The activity surrounding the customer suit exception, on the other hand, demonstrates how Congress is trying to undermine judicial discretion in favor of bright line rules that make it systematically harder for individual inventors and small companies to defend their patents. In appropriate circumstances, judges traditionally will stay a patent infringement suit against a small retailer or end-user customer in favor of a suit against a manufacturer when the infringement results from the customer using the manufacturer’s product. This makes sense, for example, when a patent owner sues a mom-and-pop coffee shop for infringement based on the coffee shop’s use of an infringing wireless router. The company that manufactures and sells the router is in a much better position than the coffee shop to dispute whether or not the router is infringing the patent. The courts have been staying cases like these for years, and it’s working well.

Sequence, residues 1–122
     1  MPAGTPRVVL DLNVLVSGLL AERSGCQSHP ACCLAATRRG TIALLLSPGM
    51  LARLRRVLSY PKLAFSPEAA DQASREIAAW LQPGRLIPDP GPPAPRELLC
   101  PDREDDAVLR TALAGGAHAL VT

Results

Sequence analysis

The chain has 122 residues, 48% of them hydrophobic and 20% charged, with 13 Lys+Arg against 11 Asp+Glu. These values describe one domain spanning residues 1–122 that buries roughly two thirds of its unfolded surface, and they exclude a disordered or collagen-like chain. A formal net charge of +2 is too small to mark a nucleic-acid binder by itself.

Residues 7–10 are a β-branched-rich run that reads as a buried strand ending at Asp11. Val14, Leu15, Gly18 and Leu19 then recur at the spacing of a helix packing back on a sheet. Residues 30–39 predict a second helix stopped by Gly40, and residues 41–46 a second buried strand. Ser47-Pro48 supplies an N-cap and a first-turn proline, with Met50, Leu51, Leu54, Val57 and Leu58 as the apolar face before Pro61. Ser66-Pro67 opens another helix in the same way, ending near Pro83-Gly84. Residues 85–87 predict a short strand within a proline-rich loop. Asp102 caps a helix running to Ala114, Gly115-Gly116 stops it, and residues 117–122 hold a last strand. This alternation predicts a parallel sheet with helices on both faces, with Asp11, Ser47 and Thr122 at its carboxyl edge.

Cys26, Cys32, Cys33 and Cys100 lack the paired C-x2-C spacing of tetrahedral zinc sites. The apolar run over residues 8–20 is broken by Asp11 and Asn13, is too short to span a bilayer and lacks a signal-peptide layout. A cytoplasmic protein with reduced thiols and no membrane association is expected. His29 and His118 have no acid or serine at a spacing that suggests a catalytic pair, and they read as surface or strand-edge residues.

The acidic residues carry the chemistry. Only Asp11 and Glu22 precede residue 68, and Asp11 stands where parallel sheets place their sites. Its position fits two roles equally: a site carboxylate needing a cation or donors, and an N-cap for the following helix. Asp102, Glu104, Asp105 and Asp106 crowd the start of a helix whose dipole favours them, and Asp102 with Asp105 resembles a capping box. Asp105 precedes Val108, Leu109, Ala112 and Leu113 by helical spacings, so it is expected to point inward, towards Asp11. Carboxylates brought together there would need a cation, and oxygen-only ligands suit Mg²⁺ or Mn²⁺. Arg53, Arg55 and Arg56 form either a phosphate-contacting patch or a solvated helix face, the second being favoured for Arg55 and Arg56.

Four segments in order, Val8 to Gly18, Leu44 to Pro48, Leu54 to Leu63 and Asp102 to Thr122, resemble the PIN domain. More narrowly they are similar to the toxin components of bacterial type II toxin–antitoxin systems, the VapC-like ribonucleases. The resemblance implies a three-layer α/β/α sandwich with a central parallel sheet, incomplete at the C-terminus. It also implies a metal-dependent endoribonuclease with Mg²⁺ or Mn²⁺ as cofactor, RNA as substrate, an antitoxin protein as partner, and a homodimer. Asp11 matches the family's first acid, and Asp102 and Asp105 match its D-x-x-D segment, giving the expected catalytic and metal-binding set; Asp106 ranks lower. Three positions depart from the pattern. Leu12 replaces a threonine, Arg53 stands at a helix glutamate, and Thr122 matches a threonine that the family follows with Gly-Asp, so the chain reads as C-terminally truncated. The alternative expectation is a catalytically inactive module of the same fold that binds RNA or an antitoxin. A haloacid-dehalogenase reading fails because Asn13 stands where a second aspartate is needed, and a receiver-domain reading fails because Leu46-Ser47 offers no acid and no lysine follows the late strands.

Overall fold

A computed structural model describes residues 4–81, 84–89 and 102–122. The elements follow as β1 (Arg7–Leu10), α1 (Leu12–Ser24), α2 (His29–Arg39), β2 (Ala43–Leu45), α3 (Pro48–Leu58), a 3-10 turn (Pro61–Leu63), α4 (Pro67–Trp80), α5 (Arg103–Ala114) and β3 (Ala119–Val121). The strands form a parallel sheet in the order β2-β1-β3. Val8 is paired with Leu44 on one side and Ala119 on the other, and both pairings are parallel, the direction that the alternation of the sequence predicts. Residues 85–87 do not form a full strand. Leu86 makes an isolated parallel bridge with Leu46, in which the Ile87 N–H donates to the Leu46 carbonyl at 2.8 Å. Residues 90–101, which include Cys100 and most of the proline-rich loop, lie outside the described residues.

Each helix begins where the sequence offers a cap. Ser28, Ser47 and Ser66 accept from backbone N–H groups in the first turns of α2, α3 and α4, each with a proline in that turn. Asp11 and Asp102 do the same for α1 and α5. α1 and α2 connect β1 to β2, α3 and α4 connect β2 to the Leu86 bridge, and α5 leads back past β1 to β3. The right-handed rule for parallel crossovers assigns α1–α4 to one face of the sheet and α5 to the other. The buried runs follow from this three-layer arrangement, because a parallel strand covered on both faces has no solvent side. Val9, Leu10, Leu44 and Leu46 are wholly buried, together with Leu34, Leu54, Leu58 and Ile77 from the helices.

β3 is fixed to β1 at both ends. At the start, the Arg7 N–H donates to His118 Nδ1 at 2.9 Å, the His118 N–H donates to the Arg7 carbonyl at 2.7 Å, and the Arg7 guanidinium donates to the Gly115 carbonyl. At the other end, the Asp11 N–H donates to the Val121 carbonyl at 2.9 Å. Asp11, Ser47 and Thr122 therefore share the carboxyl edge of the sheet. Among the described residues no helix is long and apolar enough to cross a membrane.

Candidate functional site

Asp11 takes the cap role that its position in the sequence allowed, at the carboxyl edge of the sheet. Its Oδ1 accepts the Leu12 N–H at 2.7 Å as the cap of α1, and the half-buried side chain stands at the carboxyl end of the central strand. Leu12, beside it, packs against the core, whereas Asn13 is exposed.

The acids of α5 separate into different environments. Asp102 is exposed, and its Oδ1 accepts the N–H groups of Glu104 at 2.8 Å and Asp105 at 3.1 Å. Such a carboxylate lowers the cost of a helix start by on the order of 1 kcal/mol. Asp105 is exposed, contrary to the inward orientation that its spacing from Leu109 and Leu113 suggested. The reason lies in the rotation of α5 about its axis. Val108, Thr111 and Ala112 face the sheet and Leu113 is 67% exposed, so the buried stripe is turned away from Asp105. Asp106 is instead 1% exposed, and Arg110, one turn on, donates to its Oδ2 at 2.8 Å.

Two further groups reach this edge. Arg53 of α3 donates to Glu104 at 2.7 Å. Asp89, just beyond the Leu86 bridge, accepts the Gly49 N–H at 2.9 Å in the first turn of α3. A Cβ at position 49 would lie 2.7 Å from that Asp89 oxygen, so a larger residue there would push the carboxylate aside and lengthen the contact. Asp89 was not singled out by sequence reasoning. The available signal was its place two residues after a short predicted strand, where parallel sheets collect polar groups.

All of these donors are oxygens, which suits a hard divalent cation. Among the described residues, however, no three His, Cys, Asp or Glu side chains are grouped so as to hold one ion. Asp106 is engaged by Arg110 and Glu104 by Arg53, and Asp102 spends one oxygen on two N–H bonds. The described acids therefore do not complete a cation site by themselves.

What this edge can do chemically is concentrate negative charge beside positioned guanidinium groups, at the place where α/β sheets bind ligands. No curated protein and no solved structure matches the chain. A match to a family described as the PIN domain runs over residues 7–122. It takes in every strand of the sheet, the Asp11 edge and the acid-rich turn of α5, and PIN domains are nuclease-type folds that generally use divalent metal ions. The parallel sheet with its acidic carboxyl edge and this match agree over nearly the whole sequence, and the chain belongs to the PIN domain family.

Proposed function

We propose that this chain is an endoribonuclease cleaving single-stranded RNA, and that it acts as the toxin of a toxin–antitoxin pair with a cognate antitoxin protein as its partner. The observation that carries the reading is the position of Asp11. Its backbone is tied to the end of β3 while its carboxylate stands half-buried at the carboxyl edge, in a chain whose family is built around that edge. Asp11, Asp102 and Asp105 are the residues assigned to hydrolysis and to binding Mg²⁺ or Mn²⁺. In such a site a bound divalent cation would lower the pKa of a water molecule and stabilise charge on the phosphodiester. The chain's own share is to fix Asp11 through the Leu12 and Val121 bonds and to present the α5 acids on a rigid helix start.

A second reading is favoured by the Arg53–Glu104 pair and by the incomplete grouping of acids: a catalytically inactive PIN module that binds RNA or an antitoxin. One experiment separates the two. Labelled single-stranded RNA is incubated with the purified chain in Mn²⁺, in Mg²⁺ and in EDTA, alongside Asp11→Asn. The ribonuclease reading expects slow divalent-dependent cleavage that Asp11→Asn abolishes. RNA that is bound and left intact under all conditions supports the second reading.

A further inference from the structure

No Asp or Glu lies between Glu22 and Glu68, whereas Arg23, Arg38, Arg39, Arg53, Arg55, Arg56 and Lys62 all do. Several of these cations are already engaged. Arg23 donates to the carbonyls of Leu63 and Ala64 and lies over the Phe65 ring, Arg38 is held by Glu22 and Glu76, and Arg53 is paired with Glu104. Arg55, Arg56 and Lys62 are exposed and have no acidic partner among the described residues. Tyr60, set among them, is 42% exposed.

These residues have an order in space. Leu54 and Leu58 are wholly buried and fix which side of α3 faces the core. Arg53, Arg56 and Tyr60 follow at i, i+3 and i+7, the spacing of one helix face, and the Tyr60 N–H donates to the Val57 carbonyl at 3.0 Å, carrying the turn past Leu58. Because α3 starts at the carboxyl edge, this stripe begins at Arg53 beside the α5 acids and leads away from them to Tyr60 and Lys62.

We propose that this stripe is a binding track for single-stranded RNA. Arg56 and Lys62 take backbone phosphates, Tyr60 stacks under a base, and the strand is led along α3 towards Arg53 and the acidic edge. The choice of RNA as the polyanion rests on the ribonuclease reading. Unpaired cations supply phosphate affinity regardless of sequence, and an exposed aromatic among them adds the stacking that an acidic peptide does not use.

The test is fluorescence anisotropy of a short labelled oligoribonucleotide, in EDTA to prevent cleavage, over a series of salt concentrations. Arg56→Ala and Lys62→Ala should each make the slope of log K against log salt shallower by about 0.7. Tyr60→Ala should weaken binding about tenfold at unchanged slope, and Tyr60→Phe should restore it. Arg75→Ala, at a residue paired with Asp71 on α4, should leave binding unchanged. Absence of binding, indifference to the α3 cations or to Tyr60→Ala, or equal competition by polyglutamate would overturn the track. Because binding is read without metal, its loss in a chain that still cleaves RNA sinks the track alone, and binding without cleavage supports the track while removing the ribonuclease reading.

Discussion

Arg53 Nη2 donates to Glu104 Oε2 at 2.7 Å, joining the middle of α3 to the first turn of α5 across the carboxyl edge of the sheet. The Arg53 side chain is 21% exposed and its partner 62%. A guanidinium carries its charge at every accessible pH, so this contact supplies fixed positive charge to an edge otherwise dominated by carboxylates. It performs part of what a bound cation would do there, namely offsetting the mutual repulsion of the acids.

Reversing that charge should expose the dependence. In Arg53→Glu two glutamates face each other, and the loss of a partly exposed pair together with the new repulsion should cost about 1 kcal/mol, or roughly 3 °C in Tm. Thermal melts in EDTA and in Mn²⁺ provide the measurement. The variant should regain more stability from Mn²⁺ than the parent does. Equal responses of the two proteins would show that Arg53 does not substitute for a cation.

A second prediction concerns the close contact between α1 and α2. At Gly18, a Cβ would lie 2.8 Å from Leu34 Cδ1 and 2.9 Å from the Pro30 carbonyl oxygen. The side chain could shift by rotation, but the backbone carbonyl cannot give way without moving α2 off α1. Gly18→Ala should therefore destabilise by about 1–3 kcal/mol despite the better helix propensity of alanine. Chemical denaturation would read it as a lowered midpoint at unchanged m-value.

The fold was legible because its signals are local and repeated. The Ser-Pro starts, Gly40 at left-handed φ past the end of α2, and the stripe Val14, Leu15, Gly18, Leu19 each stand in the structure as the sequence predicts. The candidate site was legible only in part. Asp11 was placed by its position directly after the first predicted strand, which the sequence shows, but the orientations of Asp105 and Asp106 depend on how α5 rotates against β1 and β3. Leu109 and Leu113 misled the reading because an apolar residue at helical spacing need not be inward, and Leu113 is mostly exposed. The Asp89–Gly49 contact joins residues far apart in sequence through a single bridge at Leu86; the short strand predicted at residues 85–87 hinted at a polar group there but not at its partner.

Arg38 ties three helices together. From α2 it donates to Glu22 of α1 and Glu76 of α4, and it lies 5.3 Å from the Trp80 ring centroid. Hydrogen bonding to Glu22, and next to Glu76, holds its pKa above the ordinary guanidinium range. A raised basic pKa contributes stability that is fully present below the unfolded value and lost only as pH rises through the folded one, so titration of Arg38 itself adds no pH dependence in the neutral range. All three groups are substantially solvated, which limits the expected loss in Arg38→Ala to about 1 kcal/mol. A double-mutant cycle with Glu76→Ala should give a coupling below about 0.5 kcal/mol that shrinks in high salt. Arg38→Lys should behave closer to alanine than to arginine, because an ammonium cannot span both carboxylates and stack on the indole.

• January 25, 2016
    Guest Post

    by Elizabeth Gill, Senior Staff Attorney, ACLU of Northern California

    The answer should be “no.” Yet that’s the issue in a case the ACLU and the law firm of Covington & Burling LLP recently filed in California, Chamorro v. Dignity Health. Our clients in that case include Physicians for Reproductive Health, a nationwide physician network, and Rebecca Chamorro, a pregnant woman living in Redding, Calif., who, with her doctor, decided that it was in her best medical interests to get a tubal ligation—or get her tubes tied—immediately following the delivery of her third child by C-section.